• The Hub will be promoted to grassroots VCFSE organisations through ‘social action’ leads from the CMCA Early Diagnosis and Community Engagement Project who are embedded within CVS organisations across the nine places in C&M. To enhance knowledge exchange and build capacity within the sector, social action leads will also receive Food Active’s Why Weight to Talk training ahead of launching the Hub in late March.

Using planning levers to address obesogenic and leptogenic environments:

  • This workstream is considering how local authority planning levers can be used to develop healthier environments, including: restrictions on the proliferation and proximity of unhealthy food establishments; easier access to healthier foods; promotion of active urban environments & active travel; and, access to green space.
  • The project has worked with DHSC library services across July-September 23 to collate new evidence review on planning for health & healthy high streets, including synopsis and references to 135 papers.
  • The project has also gained a snapshot of current work in C&M on planning for healthier environments and use of Local Plans by administering a survey for planning departments conducted across Sep/Oct 23; findings report now available.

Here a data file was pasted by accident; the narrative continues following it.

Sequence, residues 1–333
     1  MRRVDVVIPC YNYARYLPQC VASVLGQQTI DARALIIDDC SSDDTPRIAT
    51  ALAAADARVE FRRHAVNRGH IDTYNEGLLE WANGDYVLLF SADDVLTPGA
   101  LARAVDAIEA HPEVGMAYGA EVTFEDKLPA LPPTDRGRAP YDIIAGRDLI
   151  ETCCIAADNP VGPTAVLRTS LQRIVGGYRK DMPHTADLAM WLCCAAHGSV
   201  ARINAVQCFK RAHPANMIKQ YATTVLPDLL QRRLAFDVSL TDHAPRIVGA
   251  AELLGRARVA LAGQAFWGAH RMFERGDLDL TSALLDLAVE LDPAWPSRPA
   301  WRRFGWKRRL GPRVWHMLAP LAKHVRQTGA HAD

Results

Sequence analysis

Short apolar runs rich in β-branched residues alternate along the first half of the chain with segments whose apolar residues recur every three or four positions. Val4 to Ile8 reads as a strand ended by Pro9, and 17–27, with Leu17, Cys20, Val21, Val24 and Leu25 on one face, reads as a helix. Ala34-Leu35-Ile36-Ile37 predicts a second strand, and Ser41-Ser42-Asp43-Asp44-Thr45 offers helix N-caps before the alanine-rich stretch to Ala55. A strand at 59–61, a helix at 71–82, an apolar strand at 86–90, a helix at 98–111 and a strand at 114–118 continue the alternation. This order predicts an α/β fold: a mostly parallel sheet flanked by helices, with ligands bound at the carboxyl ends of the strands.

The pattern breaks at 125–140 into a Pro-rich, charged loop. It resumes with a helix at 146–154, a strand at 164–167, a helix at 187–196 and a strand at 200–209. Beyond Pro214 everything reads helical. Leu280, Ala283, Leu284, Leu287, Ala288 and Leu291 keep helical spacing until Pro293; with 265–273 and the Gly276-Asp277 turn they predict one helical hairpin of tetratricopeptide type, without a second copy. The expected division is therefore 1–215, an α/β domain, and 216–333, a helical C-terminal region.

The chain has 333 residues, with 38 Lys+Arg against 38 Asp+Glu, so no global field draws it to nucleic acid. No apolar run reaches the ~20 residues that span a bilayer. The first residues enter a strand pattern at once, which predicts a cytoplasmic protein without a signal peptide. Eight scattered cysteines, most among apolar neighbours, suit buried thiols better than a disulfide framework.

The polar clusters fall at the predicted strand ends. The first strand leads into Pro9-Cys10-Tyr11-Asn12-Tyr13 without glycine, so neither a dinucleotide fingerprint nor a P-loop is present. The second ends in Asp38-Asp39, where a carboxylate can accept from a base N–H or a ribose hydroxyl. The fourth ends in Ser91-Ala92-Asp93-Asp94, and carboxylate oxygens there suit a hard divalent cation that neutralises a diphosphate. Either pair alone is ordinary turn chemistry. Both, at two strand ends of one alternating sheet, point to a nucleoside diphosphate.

• Building on survey findings, a workshop for C&M planning officers and public health representatives will be held on 7th March 2024, including key presentations from OHID, Natural England, Active Travel England, Sustain & Liverpool City Council.
  • The workshop will focus on further opportunities for health promoting environments afforded by new planning guidance for LA’s and the potential for a shared vision & collaborative approach to spatial planning for health across LA’s in C&M.

Development of weight stigma training package for healthcare settings:

  • Talking about weight and size is an emotive subject and insight from Year 1 of the project indicated the importance of talking about overweight and obesity in a non-stigmatising way, with a specific focus on healthcare settings.
  • Experience of weight stigma works against health-seeking behaviours, whilst peer reviewed research has established that patients who have experienced weight stigma can be less likely to take up routine medical appointments e.g. cervical cancer screening.
  • The project is currently developing a training package for healthcare professionals to help address and lower incidence of weight stigma in healthcare settings. The training package is building on a survey with NHS staff on experience and understanding of weight stigma (135 returns, findings report available), and two lived experience focus groups. The training package will be piloted with a minimum of four NHS organisations (primary & secondary care) across 2024-25.

For more information about the project please see the project website:

Or contact Health Equalities Group at: